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“A look at the president’s career shows he has never stayed in a job four years without looking to move on to something better,” notes Byron York, chief political correspondent for the Examiner, who has traced Mr. Obama’s restlessness since his days as a community organizer. The tendency sent him from law school to state legislature, to campaigns for U.S. House and Senate and finally the presidency.

Now Obama has been president for nearly four years. Aided by a huge Democratic majority from 2009 to 2011, he achieved some big things — massive stimulus, Obamacare, Dodd-Frank. He even won the Nobel Peace Prize, essentially for showing up. But he hasn’t achieved, and won’t achieve in four more years, the ‘fundamental transformation’ of American society that he envisioned,” Mr. York says. “And his entire career suggests that by now he should be angling for a bigger, better job. The problem is, there isn’t such a position — and a second term in the same old job doesn’t count.”


“He looked tired, he had trouble getting his answers out. It looks like he took my million and spent it all on weed.”

(HBO host Bill Maher, who donated $1 million to President Obama’s re-election campaign in March, pondering the president’s debate performance in Denver.)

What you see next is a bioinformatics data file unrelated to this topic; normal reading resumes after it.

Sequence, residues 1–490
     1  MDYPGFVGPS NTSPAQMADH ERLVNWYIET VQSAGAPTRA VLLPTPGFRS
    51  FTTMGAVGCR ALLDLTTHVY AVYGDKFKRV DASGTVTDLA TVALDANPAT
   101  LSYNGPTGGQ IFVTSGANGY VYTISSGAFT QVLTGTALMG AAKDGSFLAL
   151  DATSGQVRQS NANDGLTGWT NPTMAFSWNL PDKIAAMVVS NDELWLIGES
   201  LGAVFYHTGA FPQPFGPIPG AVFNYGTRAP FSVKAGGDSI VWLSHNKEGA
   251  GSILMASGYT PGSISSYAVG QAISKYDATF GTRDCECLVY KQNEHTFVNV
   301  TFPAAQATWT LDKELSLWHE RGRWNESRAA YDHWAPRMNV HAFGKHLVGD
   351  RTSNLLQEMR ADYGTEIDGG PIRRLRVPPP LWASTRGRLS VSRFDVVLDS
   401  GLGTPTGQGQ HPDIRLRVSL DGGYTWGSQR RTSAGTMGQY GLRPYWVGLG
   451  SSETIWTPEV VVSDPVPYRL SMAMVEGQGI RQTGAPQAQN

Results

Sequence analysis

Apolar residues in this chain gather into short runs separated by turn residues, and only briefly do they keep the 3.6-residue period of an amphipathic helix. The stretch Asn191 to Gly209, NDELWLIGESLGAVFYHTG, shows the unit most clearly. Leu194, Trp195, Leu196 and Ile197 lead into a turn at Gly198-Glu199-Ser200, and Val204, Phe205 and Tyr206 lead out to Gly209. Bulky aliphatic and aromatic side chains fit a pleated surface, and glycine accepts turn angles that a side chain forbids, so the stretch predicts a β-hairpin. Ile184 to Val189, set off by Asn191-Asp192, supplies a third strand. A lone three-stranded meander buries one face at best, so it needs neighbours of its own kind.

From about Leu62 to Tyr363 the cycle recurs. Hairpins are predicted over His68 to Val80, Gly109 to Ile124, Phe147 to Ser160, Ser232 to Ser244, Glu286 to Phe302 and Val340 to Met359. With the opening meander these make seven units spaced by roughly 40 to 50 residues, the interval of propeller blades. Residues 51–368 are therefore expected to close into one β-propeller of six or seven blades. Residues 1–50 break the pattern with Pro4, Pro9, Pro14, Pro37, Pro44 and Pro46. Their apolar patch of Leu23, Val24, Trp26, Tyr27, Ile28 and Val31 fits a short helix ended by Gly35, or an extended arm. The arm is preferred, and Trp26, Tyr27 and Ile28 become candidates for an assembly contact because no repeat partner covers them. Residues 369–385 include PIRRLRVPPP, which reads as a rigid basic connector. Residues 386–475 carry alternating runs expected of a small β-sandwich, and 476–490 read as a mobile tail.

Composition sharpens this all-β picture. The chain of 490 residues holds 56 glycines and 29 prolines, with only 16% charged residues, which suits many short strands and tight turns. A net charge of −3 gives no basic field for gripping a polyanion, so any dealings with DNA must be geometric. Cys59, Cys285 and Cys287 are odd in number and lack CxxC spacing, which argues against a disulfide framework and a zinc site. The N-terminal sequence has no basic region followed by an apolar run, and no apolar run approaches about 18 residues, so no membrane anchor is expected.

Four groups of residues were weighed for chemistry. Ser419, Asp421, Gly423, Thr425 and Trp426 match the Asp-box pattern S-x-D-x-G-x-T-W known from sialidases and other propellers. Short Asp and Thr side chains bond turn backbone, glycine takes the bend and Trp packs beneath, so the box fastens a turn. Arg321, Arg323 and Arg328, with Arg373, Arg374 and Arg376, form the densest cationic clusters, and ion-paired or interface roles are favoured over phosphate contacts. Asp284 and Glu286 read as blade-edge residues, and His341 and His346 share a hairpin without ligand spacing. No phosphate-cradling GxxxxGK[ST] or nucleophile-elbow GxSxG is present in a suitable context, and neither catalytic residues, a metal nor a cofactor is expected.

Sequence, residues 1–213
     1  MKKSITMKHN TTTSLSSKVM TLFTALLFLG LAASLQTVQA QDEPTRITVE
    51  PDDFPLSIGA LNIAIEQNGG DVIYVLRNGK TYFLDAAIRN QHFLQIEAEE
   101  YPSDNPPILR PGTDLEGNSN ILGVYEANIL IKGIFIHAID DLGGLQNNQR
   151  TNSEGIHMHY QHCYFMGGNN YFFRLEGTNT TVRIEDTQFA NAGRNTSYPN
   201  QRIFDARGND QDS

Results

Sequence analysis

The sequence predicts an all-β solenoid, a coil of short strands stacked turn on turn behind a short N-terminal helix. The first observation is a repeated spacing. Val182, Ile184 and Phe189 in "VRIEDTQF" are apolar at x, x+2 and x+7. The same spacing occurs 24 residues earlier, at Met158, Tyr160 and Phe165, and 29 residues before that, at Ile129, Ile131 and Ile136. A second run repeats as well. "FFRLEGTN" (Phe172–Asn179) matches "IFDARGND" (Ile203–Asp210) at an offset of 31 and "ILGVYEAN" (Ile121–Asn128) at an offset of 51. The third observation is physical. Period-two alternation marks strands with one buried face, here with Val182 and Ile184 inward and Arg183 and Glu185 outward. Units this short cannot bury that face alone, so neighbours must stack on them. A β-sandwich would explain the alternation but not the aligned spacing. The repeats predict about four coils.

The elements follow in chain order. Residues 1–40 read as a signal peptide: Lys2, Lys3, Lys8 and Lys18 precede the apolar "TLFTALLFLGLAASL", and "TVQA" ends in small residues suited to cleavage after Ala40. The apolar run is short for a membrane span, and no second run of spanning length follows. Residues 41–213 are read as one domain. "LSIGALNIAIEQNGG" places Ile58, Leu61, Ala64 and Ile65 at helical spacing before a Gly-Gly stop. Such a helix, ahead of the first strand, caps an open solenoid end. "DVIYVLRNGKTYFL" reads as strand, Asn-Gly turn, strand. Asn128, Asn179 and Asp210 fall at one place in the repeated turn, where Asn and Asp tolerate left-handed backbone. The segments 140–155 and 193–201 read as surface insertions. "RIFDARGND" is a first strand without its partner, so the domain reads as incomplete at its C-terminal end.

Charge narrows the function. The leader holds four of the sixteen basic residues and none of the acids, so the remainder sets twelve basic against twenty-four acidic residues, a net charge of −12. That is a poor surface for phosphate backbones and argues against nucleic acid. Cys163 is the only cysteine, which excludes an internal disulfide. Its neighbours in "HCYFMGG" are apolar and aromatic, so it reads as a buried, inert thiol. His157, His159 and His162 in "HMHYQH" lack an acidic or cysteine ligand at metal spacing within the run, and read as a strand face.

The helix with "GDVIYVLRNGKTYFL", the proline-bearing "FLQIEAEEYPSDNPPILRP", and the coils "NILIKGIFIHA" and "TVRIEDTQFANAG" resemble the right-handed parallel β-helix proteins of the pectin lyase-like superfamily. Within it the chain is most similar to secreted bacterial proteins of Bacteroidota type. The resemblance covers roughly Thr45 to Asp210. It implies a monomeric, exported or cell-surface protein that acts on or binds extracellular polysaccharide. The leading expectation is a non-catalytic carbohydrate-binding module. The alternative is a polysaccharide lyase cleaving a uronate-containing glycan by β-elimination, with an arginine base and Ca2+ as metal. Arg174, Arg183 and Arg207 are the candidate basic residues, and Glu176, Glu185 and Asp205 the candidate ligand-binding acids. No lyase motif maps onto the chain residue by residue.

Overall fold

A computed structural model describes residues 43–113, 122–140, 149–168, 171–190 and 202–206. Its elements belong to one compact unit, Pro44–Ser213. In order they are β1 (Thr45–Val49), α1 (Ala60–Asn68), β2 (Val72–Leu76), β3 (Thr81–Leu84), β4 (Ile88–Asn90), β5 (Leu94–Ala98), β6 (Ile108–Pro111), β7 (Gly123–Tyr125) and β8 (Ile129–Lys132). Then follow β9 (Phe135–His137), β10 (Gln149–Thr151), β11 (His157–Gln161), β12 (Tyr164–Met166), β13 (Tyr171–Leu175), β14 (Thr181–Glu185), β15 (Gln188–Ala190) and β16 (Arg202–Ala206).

“You know what the American people want right now? They don’t want you, they don’t want me. They just want these guys to work together, cut the crap, shut the hell up and do their jobs.”

(Pollster Frank Luntz, pondering the state of U.S. politicians and politics in general, to Mr. Maher.)


• 58 percent of senior level executives in the U.S. plan on increasing hiring within the next 12 months.

• 49 percent are not hiring and “remaining status quo.”

• 43 percent do not anticipate an increase in hiring, or anticipate layoffs; 26 percent are actively hiring.

• 39 percent say the “end of the fiscal cliff” would make them most prone to hiring.

• 30 percent cite increased economic stability in the European Union as a hiring incentive.

• 19 percent cite the U.S. lowering its corporate tax rate.

Source: A Korn/Ferry International survey of “hundreds” of senior level executives, conducted Sept. 28-Oct. 3.; the exact number of respondents was not released.

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